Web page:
March Newsletter

Dear Friends of Open Books,

March is here at last, and with it comes an abundant calendar of events: readings, discussions, book launches—even a full day of Italian poetry through tarot. Head over to our events page for all the details. For those who like visual reminders, we have March bookmarks (bright! pink!) at the till ready to help you plan ahead for a delightful month of poetry. And when you’ve finished planning your March calendar, be sure to keep an eye out for our upcoming April and May events as well. Rae Armantrout, Kaveh Akbar, and Jennifer S. Cheng are just a few of the poets we’re thrilled to be welcoming to the store.

We’re also excited to announce our new Dictionary Drive for Books to Prisoners. Your generosity in donating books during the holiday season was tremendous—so we figured, why stop there? Books to Prisoners says dictionaries are high in demand and low in supply, so starting now, we’ll be happy to accept new or used dictionaries for donation. You can either bring in your own, or pay for a dictionary at check out. We’ll take care of the rest! And while you’re here, ask us to point you toward the “Please Take a Book as Our Way of Saying Thank You” shelf!

Now, onto the books! Here are just a few of the really new, the relatively new, and the not really new but still worth noting collections enlivening us of late:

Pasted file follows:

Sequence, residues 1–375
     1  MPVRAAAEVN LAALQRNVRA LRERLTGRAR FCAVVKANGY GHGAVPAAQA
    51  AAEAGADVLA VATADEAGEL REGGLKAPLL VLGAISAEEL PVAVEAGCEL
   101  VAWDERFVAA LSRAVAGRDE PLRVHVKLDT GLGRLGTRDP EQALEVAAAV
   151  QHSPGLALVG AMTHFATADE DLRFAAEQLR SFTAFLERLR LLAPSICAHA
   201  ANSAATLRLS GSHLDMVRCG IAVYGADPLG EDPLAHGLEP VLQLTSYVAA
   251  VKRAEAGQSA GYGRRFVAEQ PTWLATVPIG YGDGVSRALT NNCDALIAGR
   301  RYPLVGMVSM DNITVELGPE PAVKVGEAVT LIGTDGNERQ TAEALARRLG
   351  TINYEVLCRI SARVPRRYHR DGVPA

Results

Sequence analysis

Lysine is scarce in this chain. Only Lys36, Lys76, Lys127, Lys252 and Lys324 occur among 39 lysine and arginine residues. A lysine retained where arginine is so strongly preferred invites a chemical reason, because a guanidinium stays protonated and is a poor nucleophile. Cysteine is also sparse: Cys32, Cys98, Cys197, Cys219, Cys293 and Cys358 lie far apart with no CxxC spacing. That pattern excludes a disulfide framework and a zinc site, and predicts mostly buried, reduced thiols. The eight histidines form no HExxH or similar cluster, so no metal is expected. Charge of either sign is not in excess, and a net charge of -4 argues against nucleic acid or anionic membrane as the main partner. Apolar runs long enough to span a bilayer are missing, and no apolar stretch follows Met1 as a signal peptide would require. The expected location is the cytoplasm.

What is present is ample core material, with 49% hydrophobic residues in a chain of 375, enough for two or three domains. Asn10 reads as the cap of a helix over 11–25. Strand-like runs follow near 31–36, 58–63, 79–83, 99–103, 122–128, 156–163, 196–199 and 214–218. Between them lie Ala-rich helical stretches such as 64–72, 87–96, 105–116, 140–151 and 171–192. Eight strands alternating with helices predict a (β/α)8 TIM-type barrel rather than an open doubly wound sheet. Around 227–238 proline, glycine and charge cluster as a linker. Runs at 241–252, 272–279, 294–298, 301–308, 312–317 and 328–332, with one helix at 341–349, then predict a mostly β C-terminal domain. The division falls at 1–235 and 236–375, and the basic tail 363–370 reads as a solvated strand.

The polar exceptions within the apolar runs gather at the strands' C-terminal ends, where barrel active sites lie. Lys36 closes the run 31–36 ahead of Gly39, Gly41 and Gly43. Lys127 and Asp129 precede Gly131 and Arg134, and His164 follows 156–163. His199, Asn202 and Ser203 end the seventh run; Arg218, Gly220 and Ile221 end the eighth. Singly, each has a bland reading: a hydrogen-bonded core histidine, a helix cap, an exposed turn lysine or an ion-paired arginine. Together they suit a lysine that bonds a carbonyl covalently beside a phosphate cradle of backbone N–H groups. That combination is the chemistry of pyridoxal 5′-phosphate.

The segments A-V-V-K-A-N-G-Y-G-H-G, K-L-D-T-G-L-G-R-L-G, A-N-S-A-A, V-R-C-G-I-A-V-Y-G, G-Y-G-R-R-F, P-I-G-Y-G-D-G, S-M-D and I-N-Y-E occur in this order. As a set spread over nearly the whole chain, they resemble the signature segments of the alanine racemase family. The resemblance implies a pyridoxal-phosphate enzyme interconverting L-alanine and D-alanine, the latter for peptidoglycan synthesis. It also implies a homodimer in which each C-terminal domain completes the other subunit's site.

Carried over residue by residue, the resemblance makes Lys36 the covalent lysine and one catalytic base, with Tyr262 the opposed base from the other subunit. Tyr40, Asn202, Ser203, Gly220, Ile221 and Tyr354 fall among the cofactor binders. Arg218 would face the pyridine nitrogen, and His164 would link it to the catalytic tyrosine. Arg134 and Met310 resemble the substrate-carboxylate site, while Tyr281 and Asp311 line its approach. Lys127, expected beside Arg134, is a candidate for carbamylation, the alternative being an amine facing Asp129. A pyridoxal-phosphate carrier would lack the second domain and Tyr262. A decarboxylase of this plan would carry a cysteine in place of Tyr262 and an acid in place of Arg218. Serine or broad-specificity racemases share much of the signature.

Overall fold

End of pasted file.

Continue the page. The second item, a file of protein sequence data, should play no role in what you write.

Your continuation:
Carolina Ebeid’s debut collection You Ask Me To Talk About the Interior (Noemi Press, 2016) lifts up sorrow and turns it—gently, gorgeously, unceasingly—before the light of her gaze. Paradoxical and true to life, these poems sprawl to encompass more distance the deeper inward they retreat. The interior, for Ebeid’s speaker, appears to be everything—drowned dogs, Paul Celan, autism—that swirls around and among herself and those she holds dear. “Echolalia sounds more like a concert flute,” Ebeid writes in her long, sectioned poem “Veronicas of a Matador.” “Lackofempathy could be a fern.” I am astounded by the tension Ebeid is able to maintain between inside and outside; her language is simultaneously one with the world and far, far from it. – Gabrielle Bates